Arts and Entertainment

A new biography of Lou Reed captures his creativity and turbulence but feels rushed

New Zealand-via-London indie rockers Popstrangers channel the the sound of Wavves

The Playlist: Popstrangers / White Lung / Velvet Underground

The songs that are hot on our playlist this week

Robin Thicke's video for 'Blurred Lines' has been criticised for condoning rape

Increasingly clear lines: Now Leeds student union bans Robin Thicke's 'Blurred Lines'

Decision to ban controversial chart topper follows on from Edinburgh University last week

'The Velvet Underground and Nico' with its Warhol sleeve

Velvet Underground dispute with Andy Warhol Foundation settled

A legal fight between the rock band The Velvet Underground and the Andy Warhol Foundation is over.

The Week In Radio: When it's well worth waiting for the man

Focusing on a single band over a weekend is a tricky business on the radio. Get it wrong and you risk provoking the ire of the music police, who are a bit like the fashion police only more militant. They will rain hellfire and damnation down on you on Twitter, picket outside your office and very likely follow you home, barge into your house, skim through your record collection and locate the copy of Kylie and Jason's "Especially for You" that you had studiously hidden from your family, and hold it up as evidence of your abominable taste.

Welsh musician John Cale was a founding member of The Velvet Underground

My Life In Travel: John Cale

'Siouxie Sioux and I raced each other all the way to Albuquerque, New Mexico'

Lou Reed, Royal Festival Hall, London

“Was it too quiet for you, asshole?” Lou Reed enquires, putting all the dripping contempt he can muster, which is plenty, into demolishing a fan who unwisely, ironically yelled “Louder!” after tonight’s first song.

Gemma Cairney: 'I'm really loud in public; I'm always bellowing something out '

I'm a total musical tart My playlist goes from Sam Cooke and Emeli Sandé to Maverick Sabre; it's a real pick and mix. But because I work in radio I now dedicate time each month to listen to an album from start to finish; I like the lyrical stories some tell, such as with Emeli Sandé's album [Our Version of Events], which I sing my heart out to on the [London] Underground.

Album: 1982 (Nils Okland, Sigborn Apeland, Oyvind Skarbo) Pintura, (Hubro)

This extraordinary album of chamber-style improvisations by the Norwegian trio of Okland (violin/Hardanger fiddle), Apeland (harmonium/Wurlitzer) and Skarbo (drums) lasts a little over half an hour and casts a very powerful spell.

Britain's caffeine boom: Why can't we wake up without smelling the coffee?

We now spend more on coffee in a year than we do on our energy bills – and as the price of beans rises, we respond by becoming ever more fussy about our drinks.

Album: Brian Olivet, Two Of Everything (Alive Natural Sound)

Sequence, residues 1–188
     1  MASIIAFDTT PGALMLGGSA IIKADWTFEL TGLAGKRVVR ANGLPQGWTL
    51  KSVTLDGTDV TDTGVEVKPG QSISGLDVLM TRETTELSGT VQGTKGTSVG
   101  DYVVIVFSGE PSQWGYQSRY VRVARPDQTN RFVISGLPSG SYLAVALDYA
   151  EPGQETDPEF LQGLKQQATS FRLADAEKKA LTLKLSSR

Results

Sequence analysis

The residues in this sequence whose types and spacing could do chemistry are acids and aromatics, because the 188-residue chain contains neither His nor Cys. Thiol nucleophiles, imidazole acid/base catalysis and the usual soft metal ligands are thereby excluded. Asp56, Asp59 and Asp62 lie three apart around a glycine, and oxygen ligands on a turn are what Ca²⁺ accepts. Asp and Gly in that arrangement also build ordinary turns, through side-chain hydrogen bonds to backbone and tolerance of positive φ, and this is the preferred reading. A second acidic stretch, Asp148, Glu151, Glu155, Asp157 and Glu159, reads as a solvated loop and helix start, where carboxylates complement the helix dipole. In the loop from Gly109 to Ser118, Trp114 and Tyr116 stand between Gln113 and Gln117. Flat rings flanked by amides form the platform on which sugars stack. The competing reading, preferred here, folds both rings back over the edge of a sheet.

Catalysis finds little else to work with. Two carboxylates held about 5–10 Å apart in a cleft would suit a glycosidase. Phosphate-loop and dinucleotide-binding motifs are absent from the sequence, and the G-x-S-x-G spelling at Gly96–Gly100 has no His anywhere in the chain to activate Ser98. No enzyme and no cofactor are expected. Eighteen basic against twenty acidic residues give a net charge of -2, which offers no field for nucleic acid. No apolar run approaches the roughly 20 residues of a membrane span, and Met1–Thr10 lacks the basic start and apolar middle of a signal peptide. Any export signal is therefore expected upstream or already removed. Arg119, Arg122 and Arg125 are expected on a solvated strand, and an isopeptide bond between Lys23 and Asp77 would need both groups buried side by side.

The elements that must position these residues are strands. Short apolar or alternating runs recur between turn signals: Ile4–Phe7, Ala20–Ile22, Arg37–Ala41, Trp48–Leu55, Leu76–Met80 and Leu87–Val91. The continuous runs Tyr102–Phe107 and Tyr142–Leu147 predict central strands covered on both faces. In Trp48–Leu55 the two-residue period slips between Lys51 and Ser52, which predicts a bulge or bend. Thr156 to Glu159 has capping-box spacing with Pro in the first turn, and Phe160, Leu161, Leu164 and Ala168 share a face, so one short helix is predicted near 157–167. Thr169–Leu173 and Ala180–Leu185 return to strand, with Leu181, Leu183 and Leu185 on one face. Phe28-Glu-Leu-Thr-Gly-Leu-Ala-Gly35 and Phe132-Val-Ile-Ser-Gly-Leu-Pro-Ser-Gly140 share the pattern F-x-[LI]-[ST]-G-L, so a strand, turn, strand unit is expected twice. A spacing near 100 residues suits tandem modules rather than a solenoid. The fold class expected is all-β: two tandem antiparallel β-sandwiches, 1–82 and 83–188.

The Cincinnatti-based multi-instrumentalist Brian Olive reveals a deep affection for British psych-rock on this solo debut.

Music & Me: Stuart Braithwaite and Barry Burns of Mogwai

Stuart Braithwaite (vocals, guitar) and Barry Burns (guitar, keyboards) are members of the Scottish post-rock five-piece Mogwai. The group, who formed in Glasgow in 1995, released their seventh studio album, Hardcore Will Never Die, But You Will, in February. Their “Earth Division” EP is released on 12 September

Lou Reed, Hammersmith Apollo, London

"We love you, Lou!" shouts a crazed audience member. "You know, by now, I love you too," croaks The Velvet Underground legend, who is notoriously uncompromising when it comes to testing what fans are willing to accept as entertainment. Having endured the unlistenable electronic clamour of Metal Machine Music and the crashing downer of Berlin, none of the audience are expecting a full-blown radio-friendly hits showdown tonight.

Album: Thurston Moore, Demolished Thoughts (Matador)

Gently wrought from strands of acoustic guitar, mandolin, violin and harp, encountering the genteel Demolished Thoughts after Thurston Moore's more abrasive work with Sonic Youth is akin to hearing Paris 1919 after John Cale's rampaging Velvet Underground period.

Sport on TV: Pregnant with possibilities? No, just diving behind the sofa

Tom Daley's story is an inspirational one. Now 16, the diver finds his father a little bit embarrassing when he insists on a cuddle during a press conference, but Rob has apparently never missed a training session since his son first took the plunge aged six. Now Tom's a world champion, and one of Britain's best prospects for a gold medal in two years' time.

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Tunisia fears its Arab Spring could be reversed as the new regime becomes as intolerant of dissent as its predecessor

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King Arthur: Legendary figure was real and lived most of his life in Strathclyde, academic claims

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